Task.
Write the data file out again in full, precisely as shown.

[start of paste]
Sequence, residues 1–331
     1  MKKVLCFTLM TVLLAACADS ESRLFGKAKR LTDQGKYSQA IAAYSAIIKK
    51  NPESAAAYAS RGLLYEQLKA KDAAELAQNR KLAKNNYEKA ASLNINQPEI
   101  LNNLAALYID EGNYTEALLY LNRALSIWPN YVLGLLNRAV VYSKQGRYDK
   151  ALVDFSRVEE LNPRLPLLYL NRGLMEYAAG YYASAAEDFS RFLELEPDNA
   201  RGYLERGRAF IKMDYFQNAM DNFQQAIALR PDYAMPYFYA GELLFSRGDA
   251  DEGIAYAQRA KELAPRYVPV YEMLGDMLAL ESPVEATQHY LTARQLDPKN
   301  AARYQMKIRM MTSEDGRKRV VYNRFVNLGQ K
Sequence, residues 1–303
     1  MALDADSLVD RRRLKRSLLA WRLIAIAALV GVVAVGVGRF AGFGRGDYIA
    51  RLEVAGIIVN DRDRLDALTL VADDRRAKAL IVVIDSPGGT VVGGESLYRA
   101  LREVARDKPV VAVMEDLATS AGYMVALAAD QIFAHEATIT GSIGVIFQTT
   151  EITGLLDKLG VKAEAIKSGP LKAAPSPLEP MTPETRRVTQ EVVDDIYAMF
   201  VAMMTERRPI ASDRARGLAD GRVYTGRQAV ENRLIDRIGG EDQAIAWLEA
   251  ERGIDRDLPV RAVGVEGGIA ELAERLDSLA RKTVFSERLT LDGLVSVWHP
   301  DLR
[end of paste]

Sequence, residues 1–331
     1  MKKVLCFTLM TVLLAACADS ESRLFGKAKR LTDQGKYSQA IAAYSAIIKK
    51  NPESAAAYAS RGLLYEQLKA KDAAELAQNR KLAKNNYEKA ASLNINQPEI
   101  LNNLAALYID EGNYTEALLY LNRALSIWPN YVLGLLNRAV VYSKQGRYDK
   151  ALVDFSRVEE LNPRLPLLYL NRGLMEYAAG YYASAAEDFS RFLELEPDNA
   201  RGYLERGRAF IKMDYFQNAM DNFQQAIALR PDYAMPYFYA GELLFSRGDA
   251  DEGIAYAQRA KELAPRYVPV YEMLGDMLAL ESPVEATQHY LTARQLDPKN
   301  AARYQMKIRM MTSEDGRKRV VYNRFVNLGQ K
Sequence, residues 1–303
     1  MALDADSLVD RRRLKRSLLA WRLIAIAALV GVVAVGVGRF AGFGRGDYIA
    51  RLEVAGIIVN DRDRLDALTL VADDRRAKAL IVVIDSPGGT VVGGESLYRA
   101  LREVARDKPV VAVMEDLATS AGYMVALAAD QIFAHEATIT GSIGVIFQTT
   151  EITGLLDKLG VKAEAIKSGP LKAAPSPLEP MTPETRRVTQ EVVDDIYAMF
   201  VAMMTERRPI ASDRARGLAD GRVYTGRQAV ENRLIDRIGG EDQAIAWLEA
   251  ERGIDRDLPV RAVGVEGGIA ELAERLDSLA RKTVFSERLT LDGLVSVWHP
   301  DLR